Economist Tony Alexander
It shows that a net 31% of the 647 responding agents report that they are seeing fewer investors looking to bring their properties to the market.
That’s an increase from the net 20% recorded in the first survey in June.
The report suggests that the pressure to sell is not there in most quarters in the face of record low interest rates.
And it seems those interest rates are a key factor in investor demand: 71% of agents say that investors are motivated to buy by low interest rates.
Only 11% say expectations of price rises are a motivation, although this is up from 6% in June.
At the same time, 55% of agents say investors are motivated by hopes of finding a bargain.
But that’s down from 60% in June – which could mean those hopes are easing.
It’s worth noting the survey also shows first home buyers are definitely in the market, with a net 61% of agents saying there are more of them in the market.
REINZ and Alexander say this is statistically the same as June’s net 55% and shows the passage of a month has not dimmed the desire of first home buyers to make a housing purchase.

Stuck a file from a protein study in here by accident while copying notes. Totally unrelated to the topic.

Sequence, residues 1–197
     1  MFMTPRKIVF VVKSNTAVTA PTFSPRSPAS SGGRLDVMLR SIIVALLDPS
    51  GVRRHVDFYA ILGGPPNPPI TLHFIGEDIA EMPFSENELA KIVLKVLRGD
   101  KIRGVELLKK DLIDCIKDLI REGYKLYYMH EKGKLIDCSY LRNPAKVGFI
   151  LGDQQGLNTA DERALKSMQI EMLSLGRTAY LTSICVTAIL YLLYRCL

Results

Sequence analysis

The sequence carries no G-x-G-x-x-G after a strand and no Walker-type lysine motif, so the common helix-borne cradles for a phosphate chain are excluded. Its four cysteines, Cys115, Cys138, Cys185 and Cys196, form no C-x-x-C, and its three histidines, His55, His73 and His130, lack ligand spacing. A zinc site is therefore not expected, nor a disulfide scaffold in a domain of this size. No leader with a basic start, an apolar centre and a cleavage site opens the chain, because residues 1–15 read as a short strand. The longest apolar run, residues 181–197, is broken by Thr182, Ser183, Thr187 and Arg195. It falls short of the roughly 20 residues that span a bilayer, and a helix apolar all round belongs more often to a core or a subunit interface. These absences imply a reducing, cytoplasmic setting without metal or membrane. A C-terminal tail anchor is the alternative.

“The bulk of first home buyers who were in the market or at least watching things pre-Covid-19, are still in a position to buy and clearly are hoping that the current weak economic environment may bring forth listings which were not there before March.”
However, the other results in the survey suggest that no listings rush is, in fact, occurring.
For example, while the survey reveals that a net 10% of agents are seeing more appraisal requests, this is only slightly up from a net 7% in June.
That means the passage of one more month out of lockdown has not produced a potential listings surge.
Overall, all bar one of the measures tracked in the survey show an improvement from the June results.
REINZ and Alexander say the trends evident in the various measures are consistent with the generally positive anecdotes swirling around the market like high numbers attending open homes and good prices being achieved.
“They are also consistent with the absence as yet of stories of substantial price falls driven by pressed vendors having to meet a reluctant market.
“If anything, the opposite development seems to be under way with strong interest from home buyers but few sellers as yet feeling the need to radically alter asking prices to achieve a sale.”
But there was one region where the survey results were not particularly positive – and that was the Central Otago Lakes region.
In the Central Otago Lakes region, a net 47% of responding agents are seeing more appraisal requests, as compared to just 4% in Otago and 11% in Auckland.
Further, a net 18% of agents feel prices are weakening in the region, making it the only region to turn in a negative result for this measure.